Roadside History: Washington considered the birthplace of the Seventh Day Adventist Church

April 14. 2017 7:30PM
N.H. historical marker number: 94
Date established: 1974 in Washington.

Location: On the east side of Route 31 (South Main Street), just south of Valley Road.

What the sign says: “In April 1842, a group of citizens in this town banded together to form “the first Christian Society.” In the Adventist movement of 1842-43, they espoused the Advent hope. In January 1862, these Washington Sabbath-keepers, after meeting for many years as a loosely knit group, organized as the first Seventh Day Adventist Church. Take second left, opposite the Common, 2.3 Miles on Millen Pond Road to the site of this building.”

The back story: The humble church building on King Street is considered the Mother Church of the Seventh-day Adventists, today a worldwide denomination with more than 19 million members.
The denomination’s distinguishing traits include the observance of Sabbath on Saturday, the seventh day, and an emphasis on the imminent second coming (advent) of Jesus.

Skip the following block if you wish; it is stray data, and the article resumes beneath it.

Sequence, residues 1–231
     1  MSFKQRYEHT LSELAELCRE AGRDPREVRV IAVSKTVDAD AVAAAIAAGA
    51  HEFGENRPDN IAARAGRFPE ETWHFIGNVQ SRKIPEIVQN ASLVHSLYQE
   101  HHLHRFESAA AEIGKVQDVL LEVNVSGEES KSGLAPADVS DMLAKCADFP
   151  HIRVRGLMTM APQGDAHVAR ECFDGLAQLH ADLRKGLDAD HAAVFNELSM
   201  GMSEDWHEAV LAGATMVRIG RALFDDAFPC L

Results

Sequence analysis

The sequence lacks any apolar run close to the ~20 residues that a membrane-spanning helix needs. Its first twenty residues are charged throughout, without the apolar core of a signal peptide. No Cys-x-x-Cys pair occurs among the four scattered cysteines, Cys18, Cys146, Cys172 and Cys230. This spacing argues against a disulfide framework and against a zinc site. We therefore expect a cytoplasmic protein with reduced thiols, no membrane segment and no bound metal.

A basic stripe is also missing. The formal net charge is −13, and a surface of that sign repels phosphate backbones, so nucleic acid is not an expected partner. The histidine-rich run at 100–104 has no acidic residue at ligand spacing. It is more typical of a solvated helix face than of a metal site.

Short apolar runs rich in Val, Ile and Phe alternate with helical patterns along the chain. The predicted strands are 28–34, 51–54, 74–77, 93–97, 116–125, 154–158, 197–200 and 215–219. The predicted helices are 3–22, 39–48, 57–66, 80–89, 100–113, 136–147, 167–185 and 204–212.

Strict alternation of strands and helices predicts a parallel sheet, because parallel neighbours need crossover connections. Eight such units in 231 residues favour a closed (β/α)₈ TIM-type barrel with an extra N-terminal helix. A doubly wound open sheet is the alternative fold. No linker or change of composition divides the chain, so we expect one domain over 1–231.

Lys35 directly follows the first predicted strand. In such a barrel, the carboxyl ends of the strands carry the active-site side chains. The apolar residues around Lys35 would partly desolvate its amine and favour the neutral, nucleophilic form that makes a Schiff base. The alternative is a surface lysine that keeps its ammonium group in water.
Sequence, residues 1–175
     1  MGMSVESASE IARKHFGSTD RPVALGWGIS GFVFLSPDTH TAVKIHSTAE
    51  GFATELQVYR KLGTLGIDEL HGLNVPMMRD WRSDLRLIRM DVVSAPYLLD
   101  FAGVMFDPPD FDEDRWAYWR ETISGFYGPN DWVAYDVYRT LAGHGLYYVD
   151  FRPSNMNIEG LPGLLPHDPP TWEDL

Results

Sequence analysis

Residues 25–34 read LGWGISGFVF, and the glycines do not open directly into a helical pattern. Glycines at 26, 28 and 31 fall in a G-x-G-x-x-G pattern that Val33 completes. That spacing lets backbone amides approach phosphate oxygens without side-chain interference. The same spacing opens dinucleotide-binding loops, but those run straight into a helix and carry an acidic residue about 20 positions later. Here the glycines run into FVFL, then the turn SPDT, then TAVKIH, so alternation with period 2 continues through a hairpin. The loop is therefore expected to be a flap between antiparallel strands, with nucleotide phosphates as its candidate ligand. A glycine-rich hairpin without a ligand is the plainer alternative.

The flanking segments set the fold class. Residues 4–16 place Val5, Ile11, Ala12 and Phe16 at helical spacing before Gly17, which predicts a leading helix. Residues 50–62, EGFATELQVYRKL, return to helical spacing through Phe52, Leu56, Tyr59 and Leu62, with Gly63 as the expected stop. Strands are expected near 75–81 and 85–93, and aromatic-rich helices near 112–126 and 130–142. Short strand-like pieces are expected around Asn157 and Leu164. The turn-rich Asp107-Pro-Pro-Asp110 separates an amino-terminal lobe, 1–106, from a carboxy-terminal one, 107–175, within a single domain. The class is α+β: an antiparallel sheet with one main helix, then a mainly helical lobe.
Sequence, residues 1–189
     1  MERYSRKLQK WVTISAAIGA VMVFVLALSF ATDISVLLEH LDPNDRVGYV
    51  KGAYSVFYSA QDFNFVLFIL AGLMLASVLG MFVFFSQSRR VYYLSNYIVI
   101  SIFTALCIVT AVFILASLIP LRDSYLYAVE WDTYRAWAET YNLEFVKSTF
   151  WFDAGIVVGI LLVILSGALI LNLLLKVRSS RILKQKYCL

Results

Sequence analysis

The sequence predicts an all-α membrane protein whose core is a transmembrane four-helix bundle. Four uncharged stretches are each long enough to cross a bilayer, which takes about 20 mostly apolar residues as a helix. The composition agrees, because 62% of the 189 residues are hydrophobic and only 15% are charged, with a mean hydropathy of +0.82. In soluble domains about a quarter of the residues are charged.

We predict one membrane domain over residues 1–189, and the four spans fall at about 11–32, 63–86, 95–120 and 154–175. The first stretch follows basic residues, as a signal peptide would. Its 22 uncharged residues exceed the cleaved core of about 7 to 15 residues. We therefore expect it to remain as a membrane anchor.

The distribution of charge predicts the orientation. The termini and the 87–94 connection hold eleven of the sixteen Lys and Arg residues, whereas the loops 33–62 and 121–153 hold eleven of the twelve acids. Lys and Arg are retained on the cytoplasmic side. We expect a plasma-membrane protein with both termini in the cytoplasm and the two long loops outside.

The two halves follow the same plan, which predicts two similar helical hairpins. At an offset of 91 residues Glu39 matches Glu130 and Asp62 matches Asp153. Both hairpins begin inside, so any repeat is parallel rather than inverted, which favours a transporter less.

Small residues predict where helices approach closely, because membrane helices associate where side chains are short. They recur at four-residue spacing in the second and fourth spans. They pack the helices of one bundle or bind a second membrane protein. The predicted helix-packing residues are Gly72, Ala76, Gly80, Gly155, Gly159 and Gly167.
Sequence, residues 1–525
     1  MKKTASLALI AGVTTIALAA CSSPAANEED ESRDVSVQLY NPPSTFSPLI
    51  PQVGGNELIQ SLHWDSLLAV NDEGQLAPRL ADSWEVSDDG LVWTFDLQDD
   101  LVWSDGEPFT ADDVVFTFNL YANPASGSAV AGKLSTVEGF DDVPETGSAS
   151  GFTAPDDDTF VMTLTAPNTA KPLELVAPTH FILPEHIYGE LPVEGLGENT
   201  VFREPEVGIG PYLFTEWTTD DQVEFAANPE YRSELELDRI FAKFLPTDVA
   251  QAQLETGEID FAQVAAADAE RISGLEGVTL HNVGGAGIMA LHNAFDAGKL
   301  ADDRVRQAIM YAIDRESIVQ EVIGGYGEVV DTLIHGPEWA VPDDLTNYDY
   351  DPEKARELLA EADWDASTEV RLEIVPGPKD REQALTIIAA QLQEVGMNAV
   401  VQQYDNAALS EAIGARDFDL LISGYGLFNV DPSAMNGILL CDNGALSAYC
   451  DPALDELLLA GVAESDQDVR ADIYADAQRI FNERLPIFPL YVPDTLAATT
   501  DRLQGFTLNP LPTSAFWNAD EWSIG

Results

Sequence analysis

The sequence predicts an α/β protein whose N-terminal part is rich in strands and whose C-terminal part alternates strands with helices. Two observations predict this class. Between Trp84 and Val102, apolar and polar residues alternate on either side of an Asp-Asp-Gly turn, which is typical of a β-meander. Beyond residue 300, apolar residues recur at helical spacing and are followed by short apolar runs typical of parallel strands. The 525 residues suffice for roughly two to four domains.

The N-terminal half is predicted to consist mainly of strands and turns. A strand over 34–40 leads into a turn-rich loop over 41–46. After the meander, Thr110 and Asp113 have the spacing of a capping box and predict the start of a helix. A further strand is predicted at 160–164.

The Washington church building was built in 1842, according to the town’s website, “by a group of farmers calling themselves Christian Brethren, who sharply dissented from the strict Congregationalism of the Church in Washington Center. Many of the Christian Brethren became Adventists about the time this building was first used, and thereafter some of them began worshiping on the Seventh Day; and eventually the majority did so.
“In 1862, the Seventh-day Adventist denomination was born at this place.”

The building is a regular point of pilgrimage today, though the road to the church is closed during winter and “mud season.” Sabbath School and church services are on Saturdays in May through October.

Sources: and


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